The United States will investigate the government aid package that helped a Nova Scotia paper mill reopen last week, prompted by “troubling questions about potential injurious and/or WTO-inconsistent subsidies.”
Pacific West Commercial Corp. last week reopened the Port Hawkesbury paper mill in Point Tupper, N.S., thanks to a $124.5 million aid package from the provincial government. Paper started rolling off the mill’s production line yesterday, according to the Chronicle Herald.
Those in Maine’s paper industry say the Nova Scotia mill, with the help of government assistance, will have a negative effect on Maine mills that produce similar types of paper.
U.S. Trade Representative Ron Kirk wrote in a Oct. 1 letter to Rep. Mike Michaud that his office would, “on an expedited basis,” confirm information provided in news reports about the paper mill deal and would request details from the Canadian and Nova Scotian governments on the type of assistance they “have agreed to provide or plan to provide.”
“I can assure you that we will work speedily to obtain the facts of this matter,” Kirk wrote in response to a Sept. 26 letter from Michaud requesting such an investigation. “Based on what we find, we will consider all feasible and effective options — doing so aware that this is a time sensitive matter.”
Kirk added that the United States also would raise the matter of the Port Hawkesbury mill deal later this month at meetings of the World Trade Organization’s Committee on Subsidies.
Michaud, who once worked at Great Northern Paper’s mill in East Millinocket, thanked Kirk for his prompt response to the issue.
“We need to get to the bottom of this deal to ensure that no current trade laws have been violated,” Michaud said in a statement. “This deal could have a significant impact on our paper mills and the critical jobs and small businesses they support.”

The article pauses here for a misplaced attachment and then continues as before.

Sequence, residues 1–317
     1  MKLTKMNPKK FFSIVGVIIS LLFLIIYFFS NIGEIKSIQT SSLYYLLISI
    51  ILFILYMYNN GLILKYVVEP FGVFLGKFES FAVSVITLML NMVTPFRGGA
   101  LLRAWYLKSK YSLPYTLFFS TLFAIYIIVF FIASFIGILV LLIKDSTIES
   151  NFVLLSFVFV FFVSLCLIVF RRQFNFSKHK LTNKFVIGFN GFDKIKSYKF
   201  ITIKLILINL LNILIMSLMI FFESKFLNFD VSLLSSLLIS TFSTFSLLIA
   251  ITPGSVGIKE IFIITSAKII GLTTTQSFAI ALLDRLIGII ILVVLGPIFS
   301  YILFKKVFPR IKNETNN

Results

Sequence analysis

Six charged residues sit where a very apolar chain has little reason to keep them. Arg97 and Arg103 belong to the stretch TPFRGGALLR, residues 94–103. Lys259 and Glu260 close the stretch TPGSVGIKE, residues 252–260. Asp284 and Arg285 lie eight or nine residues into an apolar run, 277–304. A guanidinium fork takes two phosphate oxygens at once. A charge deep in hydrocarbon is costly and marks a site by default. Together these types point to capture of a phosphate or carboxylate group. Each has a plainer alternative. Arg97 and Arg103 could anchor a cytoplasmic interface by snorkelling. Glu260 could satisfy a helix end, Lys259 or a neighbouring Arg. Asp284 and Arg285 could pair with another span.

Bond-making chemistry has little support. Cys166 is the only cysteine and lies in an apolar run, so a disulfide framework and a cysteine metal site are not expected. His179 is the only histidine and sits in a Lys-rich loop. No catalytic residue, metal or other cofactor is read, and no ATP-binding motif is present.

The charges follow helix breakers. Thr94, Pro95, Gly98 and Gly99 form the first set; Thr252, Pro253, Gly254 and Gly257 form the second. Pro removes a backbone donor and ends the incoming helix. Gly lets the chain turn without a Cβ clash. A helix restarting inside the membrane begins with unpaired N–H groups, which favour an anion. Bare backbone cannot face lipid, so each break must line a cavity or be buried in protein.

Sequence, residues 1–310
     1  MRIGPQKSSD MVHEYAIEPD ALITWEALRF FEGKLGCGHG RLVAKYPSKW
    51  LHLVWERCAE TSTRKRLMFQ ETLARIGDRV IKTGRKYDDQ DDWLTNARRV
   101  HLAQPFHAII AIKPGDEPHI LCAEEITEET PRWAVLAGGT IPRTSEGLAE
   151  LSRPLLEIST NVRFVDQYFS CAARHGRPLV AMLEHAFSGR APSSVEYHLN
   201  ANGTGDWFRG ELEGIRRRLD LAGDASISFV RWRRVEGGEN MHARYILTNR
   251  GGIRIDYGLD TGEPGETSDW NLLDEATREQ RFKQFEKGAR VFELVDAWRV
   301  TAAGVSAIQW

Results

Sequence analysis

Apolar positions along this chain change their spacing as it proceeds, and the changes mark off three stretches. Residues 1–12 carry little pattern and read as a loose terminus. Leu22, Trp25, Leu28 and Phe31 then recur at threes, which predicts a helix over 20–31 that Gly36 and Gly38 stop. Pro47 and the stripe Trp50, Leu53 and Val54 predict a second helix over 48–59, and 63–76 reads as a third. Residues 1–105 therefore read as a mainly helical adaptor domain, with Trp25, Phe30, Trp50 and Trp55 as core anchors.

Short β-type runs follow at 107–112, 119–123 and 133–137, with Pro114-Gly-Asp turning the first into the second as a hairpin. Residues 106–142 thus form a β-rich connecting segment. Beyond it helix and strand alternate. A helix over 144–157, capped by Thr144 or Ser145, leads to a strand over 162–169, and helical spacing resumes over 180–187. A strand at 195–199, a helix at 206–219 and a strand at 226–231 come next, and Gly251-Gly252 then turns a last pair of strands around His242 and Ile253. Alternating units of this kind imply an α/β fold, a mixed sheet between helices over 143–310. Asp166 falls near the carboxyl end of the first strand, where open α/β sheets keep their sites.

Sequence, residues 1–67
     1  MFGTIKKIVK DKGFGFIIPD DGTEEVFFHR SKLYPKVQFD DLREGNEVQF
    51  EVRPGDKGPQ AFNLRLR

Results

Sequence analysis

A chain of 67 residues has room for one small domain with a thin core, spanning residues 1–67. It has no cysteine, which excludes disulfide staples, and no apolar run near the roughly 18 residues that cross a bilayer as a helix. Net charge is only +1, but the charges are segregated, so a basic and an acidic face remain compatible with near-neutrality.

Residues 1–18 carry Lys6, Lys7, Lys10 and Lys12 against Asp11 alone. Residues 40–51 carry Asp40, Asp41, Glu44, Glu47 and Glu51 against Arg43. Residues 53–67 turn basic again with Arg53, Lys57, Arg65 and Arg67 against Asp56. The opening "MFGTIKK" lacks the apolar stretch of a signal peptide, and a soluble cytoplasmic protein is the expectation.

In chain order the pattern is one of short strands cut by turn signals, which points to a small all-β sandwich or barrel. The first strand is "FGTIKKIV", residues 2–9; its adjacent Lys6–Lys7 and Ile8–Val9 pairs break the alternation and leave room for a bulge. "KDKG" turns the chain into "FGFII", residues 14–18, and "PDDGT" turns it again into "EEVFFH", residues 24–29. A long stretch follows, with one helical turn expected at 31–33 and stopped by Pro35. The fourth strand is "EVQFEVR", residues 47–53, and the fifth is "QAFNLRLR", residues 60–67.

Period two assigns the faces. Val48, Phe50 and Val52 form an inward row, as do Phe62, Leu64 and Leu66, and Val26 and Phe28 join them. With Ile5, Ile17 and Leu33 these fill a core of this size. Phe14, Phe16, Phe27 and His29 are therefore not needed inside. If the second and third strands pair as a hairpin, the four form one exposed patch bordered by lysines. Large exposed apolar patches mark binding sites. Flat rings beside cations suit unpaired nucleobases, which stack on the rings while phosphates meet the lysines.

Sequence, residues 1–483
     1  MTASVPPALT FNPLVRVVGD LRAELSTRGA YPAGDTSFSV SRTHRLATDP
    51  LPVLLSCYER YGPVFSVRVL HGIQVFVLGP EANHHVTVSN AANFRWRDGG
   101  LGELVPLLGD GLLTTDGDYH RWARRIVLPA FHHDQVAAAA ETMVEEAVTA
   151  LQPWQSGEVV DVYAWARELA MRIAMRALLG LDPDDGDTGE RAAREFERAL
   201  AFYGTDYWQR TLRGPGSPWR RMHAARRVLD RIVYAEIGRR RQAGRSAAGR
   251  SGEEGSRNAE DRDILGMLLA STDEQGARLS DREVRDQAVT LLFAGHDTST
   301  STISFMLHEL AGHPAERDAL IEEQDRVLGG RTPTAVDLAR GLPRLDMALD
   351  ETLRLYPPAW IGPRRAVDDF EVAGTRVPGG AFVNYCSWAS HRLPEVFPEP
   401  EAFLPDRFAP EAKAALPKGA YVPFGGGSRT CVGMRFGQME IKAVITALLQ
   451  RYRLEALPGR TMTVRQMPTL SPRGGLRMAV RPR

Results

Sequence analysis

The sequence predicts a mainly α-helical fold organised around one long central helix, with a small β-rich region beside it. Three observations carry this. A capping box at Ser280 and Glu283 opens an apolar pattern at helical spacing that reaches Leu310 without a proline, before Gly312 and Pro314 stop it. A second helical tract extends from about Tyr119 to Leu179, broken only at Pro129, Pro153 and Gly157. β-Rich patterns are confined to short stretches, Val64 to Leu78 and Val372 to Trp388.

The Maine mill that could be most affected by the newly reopened Port Hawkesbury mill is UPM’s paper mill in Madison, which employs about 240 people and produces 220,000 tons of the same grade of supercalendered paper a year. Supercalendered paper is the type used in magazines, catalogs and newspaper inserts.
Russ Drechsel, manager of the Madison paper mill, told the Bangor Daily News he was “very pleased” with Rep. Michaud’s efforts in pursuing the matter, “and with the response he has received.”
“It is reassuring that we’re well represented in Washington with this case,” Drechsel said, “and that the Congressman is looking out for the jobs at Maine’s pulp and paper mills.”
There had been talk about a potential trade dispute if the Port Hawkesbury mill reopened. Separate from any formal federal investigation, U.S. paper manufacturers could petition the U.S. International Trade Commission to impose tariffs on the Canadian paper imports, as some companies successfully did in 2010 in regards to cheap paper imports from China and Indonesia.
But the process of arguing for tariffs on subsidized imports is slow and often comes too late for manufacturers, Drechsel said. “Usually in those cases you have to wait until the damage is done before you can file, so there’s very little preparation to be done until you can demonstrate the damages.”
As far as Drechsel knows, this is the first trade dispute the United States has had with Canada over paper imports.